Free seasonal flu clinics will be offered to everyone six months and older who lives, works, or attends school in Ontario after the H1N1 vaccine has been rolled.

Dr. Tran said anyone showing flu symptoms should stay home and avoid social settings for at least 24 hours after their flu symptoms disappear.

“Obviously we need to encourage the message to stay home if you can,” said Dr. Tran.

In a message posted on the school’s web-site on Monday, Ancaster High principal Judy Langsner thanks staff, students and parents for their support and understanding during the outbreak.

“We have had to postpone some of our events where large numbers of students and/or the public would congregate; however, all other events and trips are being run,” Ms. Langsner states in the message.

“As a courtesy, we are informing the areas we are visiting of the outbreak; if they ask us to reschedule, we are honouring that request. This is a learning experience for all of us, and we appreciate your patience.”

Jackie Bajus, Hamilton Wentworth Catholic District School Board superintendent, said seven schools in the separate board were under outbreak by Wednesday.

None of the schools were believed to be in Ancaster, although the Ancaster Catholic schools are also experiencing higher absenteeism rates.

“The (affected) schools affected are all over the city,” Ms. Bajus said.

The Catholic board is asking custodians to clean all surfaces thoroughly to prevent the spread of respiratory illness.

Wash hands

Public health urges students and parents to wash their hands frequently, or use an alcohol-based hand sanitizer.

Students should cough or sneeze into their sleeve instead of their hands and avoid contact with eyes, nose or mouth.

Parents with questions are advised to call the city’s Infectious Disease Prevention and Control Program at 905-546-2063.

Respiratory outbreak hits local schools

News Oct 29, 2009 Ancaster News

A respiratory outbreak has struck Ancaster High School, forcing the cancellation of sporting events and large group meetings.

Parents received a three-page notification letter from the city’s public health department on Monday. Public health is advising parents to keep students at home if they develop symptoms of illness, including cough, sore throat, headache, lack of appetite, fatigue, vomiting or diarrhea. Parents should notify the school in the event of an absence.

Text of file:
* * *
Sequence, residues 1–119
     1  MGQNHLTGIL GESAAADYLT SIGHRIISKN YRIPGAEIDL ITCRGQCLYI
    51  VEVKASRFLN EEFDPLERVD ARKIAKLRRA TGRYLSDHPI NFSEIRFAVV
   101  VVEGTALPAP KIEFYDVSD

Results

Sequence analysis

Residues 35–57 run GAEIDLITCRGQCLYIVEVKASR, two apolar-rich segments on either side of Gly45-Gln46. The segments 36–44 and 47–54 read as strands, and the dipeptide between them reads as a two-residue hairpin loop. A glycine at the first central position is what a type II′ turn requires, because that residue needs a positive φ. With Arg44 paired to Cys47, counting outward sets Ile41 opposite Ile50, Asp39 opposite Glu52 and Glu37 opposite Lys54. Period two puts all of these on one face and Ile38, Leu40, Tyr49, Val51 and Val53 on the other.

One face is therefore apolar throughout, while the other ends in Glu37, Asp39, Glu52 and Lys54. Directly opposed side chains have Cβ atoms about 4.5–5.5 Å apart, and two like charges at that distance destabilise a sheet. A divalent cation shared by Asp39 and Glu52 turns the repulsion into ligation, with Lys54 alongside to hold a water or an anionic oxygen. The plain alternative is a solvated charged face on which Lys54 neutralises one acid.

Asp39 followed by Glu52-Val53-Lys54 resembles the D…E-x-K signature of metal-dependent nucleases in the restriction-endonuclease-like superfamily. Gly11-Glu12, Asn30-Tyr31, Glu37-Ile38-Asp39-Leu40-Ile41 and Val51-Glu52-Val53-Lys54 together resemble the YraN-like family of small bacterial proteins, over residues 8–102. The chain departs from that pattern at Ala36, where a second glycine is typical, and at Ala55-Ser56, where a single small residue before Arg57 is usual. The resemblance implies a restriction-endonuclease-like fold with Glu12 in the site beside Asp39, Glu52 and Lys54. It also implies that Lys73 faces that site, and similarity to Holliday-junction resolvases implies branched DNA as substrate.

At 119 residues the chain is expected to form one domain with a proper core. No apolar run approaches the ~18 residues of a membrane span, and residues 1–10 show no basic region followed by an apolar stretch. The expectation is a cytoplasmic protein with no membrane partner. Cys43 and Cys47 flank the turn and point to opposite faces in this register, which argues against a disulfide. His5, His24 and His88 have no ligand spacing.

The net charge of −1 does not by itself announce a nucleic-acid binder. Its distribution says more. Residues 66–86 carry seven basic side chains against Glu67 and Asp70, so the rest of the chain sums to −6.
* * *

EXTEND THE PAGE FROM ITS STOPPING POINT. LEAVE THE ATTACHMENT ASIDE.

Jackie Penman, a spokesperson for the Hamilton-Wentworth District School Board, said Ancaster High has been under outbreak conditions since Oct. 21.

Ancaster Senior Public School was also under outbreak as of earlier this week.

“There are a number of schools affected,” Ms. Penman said on Tuesday afternoon. “We’re getting close to 40 schools now.”

Dr. Ninh Tran, Hamilton’s associate medical officer of health, said public health officials conduct screening for respiratory illness when school absenteeism reaches 10 per cent.

If half of the absentee figures are attributed to respiratory illness, or five per cent of the student body, the school is considered to be under outbreak.

The flu shot is the best defense against respiratory illness.

Dr. Tran said in addition to seniors, anyone under 65 with underlying health problems, including adolescents, will be given the highest priority for vaccination.

Dr. Tran said the city’s emergency rooms have been flooded with patients reporting flu symptoms over the past two weeks.

This week, the city has held vaccination clinics for the highest risk population at Dundas Baptist Church, Jackson Square and Chedoke Twin Pad Area, attracting crowds of hundreds.

Free seasonal flu clinics will be offered to everyone six months and older who lives, works, or attends school in Ontario after the H1N1 vaccine has been rolled.

Dr. Tran said anyone showing flu symptoms should stay home and avoid social settings for at least 24 hours after their flu symptoms disappear.

“Obviously we need to encourage the message to stay home if you can,” said Dr. Tran.

In a message posted on the school’s web-site on Monday, Ancaster High principal Judy Langsner thanks staff, students and parents for their support and understanding during the outbreak.

“We have had to postpone some of our events where large numbers of students and/or the public would congregate; however, all other events and trips are being run,” Ms. Langsner states in the message.

“As a courtesy, we are informing the areas we are visiting of the outbreak; if they ask us to reschedule, we are honouring that request. This is a learning experience for all of us, and we appreciate your patience.”

Jackie Bajus, Hamilton Wentworth Catholic District School Board superintendent, said seven schools in the separate board were under outbreak by Wednesday.

None of the schools were believed to be in Ancaster, although the Ancaster Catholic schools are also experiencing higher absenteeism rates.

“The (affected) schools affected are all over the city,” Ms. Bajus said.

The Catholic board is asking custodians to clean all surfaces thoroughly to prevent the spread of respiratory illness.

Wash hands

Public health urges students and parents to wash their hands frequently, or use an alcohol-based hand sanitizer.

Students should cough or sneeze into their sleeve instead of their hands and avoid contact with eyes, nose or mouth.

Parents with questions are advised to call the city’s Infectious Disease Prevention and Control Program at 905-546-2063.